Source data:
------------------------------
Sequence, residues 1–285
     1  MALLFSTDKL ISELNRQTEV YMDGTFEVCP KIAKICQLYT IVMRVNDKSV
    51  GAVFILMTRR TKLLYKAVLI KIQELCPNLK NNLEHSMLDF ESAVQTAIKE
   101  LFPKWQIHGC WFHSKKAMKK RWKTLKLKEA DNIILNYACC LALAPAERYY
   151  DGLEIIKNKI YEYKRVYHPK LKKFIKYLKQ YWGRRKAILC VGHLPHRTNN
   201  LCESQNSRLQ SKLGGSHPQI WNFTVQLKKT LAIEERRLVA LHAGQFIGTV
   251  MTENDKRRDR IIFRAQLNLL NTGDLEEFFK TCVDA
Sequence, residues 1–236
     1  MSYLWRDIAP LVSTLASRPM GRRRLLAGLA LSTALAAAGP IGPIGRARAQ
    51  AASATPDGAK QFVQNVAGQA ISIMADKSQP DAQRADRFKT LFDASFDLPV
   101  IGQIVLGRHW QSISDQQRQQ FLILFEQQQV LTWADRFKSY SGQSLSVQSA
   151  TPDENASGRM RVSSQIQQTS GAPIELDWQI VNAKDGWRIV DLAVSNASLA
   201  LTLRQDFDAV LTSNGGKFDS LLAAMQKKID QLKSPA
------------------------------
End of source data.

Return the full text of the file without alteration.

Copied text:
Sequence, residues 1–285
     1  MALLFSTDKL ISELNRQTEV YMDGTFEVCP KIAKICQLYT IVMRVNDKSV
    51  GAVFILMTRR TKLLYKAVLI KIQELCPNLK NNLEHSMLDF ESAVQTAIKE
   101  LFPKWQIHGC WFHSKKAMKK RWKTLKLKEA DNIILNYACC LALAPAERYY
   151  DGLEIIKNKI YEYKRVYHPK LKKFIKYLKQ YWGRRKAILC VGHLPHRTNN
   201  LCESQNSRLQ SKLGGSHPQI WNFTVQLKKT LAIEERRLVA LHAGQFIGTV
   251  MTENDKRRDR IIFRAQLNLL NTGDLEEFFK TCVDA
Sequence, residues 1–236
     1  MSYLWRDIAP LVSTLASRPM GRRRLLAGLA LSTALAAAGP IGPIGRARAQ
    51  AASATPDGAK QFVQNVAGQA ISIMADKSQP DAQRADRFKT LFDASFDLPV
   101  IGQIVLGRHW QSISDQQRQQ FLILFEQQQV LTWADRFKSY SGQSLSVQSA
   151  TPDENASGRM RVSSQIQQTS GAPIELDWQI VNAKDGWRIV DLAVSNASLA
   201  LTLRQDFDAV LTSNGGKFDS LLAAMQKKID QLKSPA